After the collapse of the Ottoman empire in 1918 and the arrival of King Faisal and the Arab army in Damascus, the first general Syrian conference was held in May 1919. It constituted the foundation of what would come to be known as modern Syria. In March 1920, that same body declared Syria’s independence and 85 delegates from four regions adopted a Constitution four months later. In it, Syria was proclaimed an administratively decentralized State with a civil constitutional monarchy in which executive, legislative and judicial powers were separated. The equal treatment of all citizens, irrespective of their religion, sect or ethnicity, was enshrined in its articles and women were guaranteed the right to vote and run for office.5 In the Constitution, Islam was specified as the religion of the Hashemite Monarch but there was no reference to religion as a basis for legislation. The civil nature of the State was thus ensured.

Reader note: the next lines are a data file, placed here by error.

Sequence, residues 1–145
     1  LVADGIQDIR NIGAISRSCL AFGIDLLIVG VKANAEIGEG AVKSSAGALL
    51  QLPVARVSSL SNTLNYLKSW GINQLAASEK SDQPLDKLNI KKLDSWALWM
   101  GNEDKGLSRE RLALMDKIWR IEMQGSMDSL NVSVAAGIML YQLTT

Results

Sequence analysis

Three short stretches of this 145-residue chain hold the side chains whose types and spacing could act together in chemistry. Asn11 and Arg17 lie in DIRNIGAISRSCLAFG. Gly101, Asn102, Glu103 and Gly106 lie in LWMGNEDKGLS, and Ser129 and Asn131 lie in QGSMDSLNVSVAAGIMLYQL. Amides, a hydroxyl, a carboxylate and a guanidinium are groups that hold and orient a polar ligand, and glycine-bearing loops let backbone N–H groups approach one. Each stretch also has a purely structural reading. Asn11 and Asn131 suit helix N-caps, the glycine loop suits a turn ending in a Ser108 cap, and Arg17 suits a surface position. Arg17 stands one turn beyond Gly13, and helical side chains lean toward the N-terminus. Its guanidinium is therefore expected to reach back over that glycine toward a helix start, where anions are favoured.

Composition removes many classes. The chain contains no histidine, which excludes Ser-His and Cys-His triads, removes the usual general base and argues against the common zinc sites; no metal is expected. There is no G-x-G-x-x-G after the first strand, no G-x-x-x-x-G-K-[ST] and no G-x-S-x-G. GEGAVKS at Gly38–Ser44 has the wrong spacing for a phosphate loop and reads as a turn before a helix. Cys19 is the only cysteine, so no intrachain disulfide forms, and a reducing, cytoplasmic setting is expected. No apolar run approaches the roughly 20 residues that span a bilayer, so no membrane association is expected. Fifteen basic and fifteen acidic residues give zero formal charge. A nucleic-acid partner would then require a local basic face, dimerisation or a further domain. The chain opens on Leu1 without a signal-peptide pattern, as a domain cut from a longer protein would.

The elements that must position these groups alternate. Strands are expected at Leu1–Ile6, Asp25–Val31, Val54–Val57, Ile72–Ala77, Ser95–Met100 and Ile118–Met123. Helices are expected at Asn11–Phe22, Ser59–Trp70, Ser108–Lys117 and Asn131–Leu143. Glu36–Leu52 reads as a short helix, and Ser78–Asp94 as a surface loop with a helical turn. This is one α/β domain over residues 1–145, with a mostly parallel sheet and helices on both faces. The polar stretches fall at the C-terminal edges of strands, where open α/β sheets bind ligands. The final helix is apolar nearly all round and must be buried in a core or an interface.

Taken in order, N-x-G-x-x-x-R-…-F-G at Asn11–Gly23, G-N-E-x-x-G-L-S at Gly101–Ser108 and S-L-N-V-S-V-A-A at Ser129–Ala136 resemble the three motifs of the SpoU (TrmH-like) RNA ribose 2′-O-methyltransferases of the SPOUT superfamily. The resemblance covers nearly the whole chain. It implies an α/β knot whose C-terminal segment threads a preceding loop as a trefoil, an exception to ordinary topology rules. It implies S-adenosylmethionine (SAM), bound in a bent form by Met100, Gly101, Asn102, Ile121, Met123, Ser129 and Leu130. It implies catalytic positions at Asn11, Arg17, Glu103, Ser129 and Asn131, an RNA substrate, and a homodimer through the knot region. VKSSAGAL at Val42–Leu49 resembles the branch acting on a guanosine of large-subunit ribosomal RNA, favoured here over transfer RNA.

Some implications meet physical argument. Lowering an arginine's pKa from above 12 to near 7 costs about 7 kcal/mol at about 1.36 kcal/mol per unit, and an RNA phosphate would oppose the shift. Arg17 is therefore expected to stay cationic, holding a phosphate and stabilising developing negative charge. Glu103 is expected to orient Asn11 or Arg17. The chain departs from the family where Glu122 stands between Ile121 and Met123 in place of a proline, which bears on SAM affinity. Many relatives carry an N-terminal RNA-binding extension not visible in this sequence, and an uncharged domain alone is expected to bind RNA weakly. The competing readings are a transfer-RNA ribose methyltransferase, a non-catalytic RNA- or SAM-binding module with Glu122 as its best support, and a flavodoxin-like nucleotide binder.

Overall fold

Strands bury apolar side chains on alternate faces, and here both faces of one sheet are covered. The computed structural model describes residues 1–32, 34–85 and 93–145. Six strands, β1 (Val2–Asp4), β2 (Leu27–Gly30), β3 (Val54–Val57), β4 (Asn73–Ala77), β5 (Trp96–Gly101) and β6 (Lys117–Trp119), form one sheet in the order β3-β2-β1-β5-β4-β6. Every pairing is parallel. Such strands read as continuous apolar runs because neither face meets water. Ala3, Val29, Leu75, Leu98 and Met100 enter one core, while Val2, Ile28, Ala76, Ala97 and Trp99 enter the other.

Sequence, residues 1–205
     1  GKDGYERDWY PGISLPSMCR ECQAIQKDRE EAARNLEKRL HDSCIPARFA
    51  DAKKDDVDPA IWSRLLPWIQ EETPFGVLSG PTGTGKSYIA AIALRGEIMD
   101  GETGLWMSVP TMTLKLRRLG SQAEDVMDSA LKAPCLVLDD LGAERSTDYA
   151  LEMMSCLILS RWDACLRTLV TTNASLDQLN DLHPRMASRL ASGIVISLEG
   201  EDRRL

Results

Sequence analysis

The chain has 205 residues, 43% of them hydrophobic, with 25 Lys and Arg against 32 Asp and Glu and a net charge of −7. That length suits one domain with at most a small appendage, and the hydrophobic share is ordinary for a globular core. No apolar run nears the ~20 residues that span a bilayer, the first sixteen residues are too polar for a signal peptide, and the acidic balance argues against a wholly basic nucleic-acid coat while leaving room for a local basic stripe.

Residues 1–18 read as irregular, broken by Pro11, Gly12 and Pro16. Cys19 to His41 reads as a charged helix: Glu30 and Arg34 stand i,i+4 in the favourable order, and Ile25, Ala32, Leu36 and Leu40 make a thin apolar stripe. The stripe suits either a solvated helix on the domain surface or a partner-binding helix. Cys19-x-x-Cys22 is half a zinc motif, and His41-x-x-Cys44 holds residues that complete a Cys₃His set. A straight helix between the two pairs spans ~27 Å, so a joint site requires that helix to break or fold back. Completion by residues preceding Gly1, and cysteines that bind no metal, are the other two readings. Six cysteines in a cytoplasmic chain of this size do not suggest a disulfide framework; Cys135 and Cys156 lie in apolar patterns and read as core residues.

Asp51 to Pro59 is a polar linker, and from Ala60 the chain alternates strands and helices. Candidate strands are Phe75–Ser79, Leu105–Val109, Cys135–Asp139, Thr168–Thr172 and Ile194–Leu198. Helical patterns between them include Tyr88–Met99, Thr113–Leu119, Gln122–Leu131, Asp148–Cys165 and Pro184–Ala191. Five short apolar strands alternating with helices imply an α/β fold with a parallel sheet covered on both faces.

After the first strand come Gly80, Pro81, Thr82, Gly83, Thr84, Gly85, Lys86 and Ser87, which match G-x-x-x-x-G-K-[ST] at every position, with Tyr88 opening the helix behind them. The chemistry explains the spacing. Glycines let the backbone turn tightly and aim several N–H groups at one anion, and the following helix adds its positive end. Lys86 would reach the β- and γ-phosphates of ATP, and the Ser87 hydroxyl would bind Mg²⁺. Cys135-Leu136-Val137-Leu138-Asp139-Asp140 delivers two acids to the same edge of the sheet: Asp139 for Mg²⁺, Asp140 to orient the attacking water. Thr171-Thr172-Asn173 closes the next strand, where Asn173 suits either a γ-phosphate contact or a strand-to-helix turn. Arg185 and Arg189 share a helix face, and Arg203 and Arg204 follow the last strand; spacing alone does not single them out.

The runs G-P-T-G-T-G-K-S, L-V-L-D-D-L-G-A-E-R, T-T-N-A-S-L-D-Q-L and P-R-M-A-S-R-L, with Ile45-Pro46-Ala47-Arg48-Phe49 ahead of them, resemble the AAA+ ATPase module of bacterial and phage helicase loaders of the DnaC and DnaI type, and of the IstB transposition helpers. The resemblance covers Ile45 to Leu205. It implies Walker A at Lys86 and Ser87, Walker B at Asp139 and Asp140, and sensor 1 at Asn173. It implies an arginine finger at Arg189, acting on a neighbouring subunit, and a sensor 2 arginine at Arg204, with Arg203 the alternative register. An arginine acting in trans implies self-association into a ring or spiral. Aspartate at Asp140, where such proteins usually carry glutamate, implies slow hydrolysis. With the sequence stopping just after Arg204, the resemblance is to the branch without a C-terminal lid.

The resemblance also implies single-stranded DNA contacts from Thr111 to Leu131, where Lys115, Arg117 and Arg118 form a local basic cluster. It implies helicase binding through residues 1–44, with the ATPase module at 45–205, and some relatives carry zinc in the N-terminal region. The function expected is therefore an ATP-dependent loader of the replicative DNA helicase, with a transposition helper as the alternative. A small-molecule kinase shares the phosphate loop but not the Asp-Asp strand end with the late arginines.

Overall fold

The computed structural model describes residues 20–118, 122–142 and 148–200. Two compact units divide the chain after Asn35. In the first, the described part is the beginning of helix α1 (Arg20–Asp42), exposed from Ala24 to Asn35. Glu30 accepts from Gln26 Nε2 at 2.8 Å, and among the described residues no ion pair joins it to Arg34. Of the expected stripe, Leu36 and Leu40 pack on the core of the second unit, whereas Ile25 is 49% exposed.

That progressive experiment in State-building was brought to a swift end in July 1920 by the arrival of French forces. Moreover, the authorities of the French Mandate, which lasted until April 1946, deliberately sought to accentuate differences between various ethnic and religious groups in Syria, often playing one group against the other. The allocation of a distinct, often autonomous, status to groups that had been marginalised during the Ottoman era did not contribute to the creation of a cohesive State, nor did it foster harmony among Syria’s citizens.